Which Joe gave his name to ‘sloppy joes’? We look at five interesting sandwiches and their lexical origins.
An alliance for combined action, especially a temporary alliance of political parties forming a government or of states.‘a coalition of conservatives and disaffected Democrats’‘the party was only able to govern in coalition with three or even four other parties’as modifier ‘a coalition government’
alliance, union, partnership, affiliation, bloc, caucusView synonyms
- ‘To that end, they created military coalitions with the aim of going to war.’
- ‘Both the ruling party and the main opposition coalitions have already claimed victory.’
- ‘As a realist, I am skeptical about whether he can build the necessary political coalitions.’
- ‘Following the increasing public dissatisfaction, a new coalition of civil organizations was established.’
- ‘His government is an uneasy coalition of ten parties, going under the title " Alliance for Change".’
- ‘They will face a tough task forming a governing coalition in a parliament that includes six other parties.’
- ‘The opposition activists are begging him to lead the center-left coalition of parties.’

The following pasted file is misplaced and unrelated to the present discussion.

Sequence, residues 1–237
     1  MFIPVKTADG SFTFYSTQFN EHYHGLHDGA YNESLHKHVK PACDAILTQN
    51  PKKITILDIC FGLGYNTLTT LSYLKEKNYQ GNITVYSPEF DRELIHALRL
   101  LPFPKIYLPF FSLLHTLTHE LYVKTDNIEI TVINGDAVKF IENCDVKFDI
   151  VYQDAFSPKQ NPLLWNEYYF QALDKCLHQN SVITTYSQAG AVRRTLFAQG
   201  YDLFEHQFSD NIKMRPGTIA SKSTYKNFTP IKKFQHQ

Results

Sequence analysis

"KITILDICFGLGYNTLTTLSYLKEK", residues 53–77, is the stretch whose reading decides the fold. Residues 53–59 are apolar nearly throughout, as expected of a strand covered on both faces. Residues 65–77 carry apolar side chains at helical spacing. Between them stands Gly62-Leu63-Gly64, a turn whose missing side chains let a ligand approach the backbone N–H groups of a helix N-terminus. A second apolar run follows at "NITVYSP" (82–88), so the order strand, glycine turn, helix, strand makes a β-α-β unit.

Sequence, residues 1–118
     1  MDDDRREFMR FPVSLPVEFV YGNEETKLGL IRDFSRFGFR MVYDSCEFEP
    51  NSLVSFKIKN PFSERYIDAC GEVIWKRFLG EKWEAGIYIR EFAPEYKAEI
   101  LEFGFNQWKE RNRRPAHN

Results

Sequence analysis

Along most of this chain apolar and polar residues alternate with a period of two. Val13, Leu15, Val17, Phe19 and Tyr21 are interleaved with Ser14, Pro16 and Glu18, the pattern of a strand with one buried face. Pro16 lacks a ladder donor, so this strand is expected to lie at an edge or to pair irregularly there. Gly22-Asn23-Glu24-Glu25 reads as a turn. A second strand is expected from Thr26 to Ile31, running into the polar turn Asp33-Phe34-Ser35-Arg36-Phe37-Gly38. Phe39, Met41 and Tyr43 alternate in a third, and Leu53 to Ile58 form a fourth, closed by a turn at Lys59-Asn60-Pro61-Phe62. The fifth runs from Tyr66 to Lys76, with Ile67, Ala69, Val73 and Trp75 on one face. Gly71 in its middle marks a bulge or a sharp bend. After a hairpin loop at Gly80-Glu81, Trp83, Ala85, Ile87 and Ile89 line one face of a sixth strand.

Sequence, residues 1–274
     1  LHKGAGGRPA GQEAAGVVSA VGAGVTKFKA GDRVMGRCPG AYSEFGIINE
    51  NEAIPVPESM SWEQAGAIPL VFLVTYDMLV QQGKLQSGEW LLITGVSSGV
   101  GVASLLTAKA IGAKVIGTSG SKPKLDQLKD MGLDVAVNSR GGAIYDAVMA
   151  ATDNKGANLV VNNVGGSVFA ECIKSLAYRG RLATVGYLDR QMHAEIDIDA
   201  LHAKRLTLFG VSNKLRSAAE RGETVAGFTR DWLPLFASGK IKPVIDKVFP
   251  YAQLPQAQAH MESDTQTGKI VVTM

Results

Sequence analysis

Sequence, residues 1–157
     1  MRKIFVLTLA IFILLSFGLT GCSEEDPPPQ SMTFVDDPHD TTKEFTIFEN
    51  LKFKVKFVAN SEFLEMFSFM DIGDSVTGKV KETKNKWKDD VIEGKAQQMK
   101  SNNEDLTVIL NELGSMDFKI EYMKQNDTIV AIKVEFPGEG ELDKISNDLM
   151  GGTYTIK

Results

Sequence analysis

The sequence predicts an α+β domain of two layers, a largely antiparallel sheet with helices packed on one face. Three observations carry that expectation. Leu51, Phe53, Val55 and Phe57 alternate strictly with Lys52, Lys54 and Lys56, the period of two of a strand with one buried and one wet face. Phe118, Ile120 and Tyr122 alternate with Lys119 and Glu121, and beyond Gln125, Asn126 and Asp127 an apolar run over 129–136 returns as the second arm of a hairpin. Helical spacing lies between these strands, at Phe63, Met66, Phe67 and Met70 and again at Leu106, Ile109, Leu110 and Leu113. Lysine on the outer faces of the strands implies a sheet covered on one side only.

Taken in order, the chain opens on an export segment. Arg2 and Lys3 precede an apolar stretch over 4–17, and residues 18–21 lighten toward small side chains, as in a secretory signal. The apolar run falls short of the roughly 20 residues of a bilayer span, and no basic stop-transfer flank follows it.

- ‘Organised by a coalition of radical organisations to oppose globalisation, the event attracted quite a wide range of people.’
- ‘There has never been a majority in the parliament, and so the governments are coalitions.’
- ‘A centre-right coalition was formed after elections in 1996 but collapsed in 1999.’
- ‘His party failed to win an overall majority and a coalition government was formed.’
- ‘But a coalition of animal welfare groups has successfully rescued more than 30 so far.’
- ‘The three agrarian parties are prohibited from entering into any coalitions with leftist political powers.’
- ‘The party could become part of a ruling coalition for the first time in its history.’
- ‘However, his Liberal Democrat coalition partners are opposed to any new nuclear power stations.’
- ‘Even before the coalition was built, the party leaders had agreed on an electoral truce.’
- ‘The last three weeks have witnessed the rise of one of the biggest and broadest political coalitions Britain has ever seen.’
- ‘However, he is in coalition with a far-right nationalist party that bitterly opposes both steps.’
- ‘There are many political parties, and prime ministers must forge coalitions.’
- ‘They are forming new political coalitions in an attempt to force an end to the occupation.’
Early 17th century (in the sense ‘fusion’): from medieval Latin coalitio(n-), from the verb coalescere (see coalesce). Usage in politics dates from the late 18th century.
We take a look at several popular, though confusing, punctuation marks.
From Afghanistan to Zimbabwe, discover surprising and intriguing language facts from around the globe.
The definitions of ‘buddy’ and ‘bro’ in the OED have recently been revised. We explore their history and increase in popularity.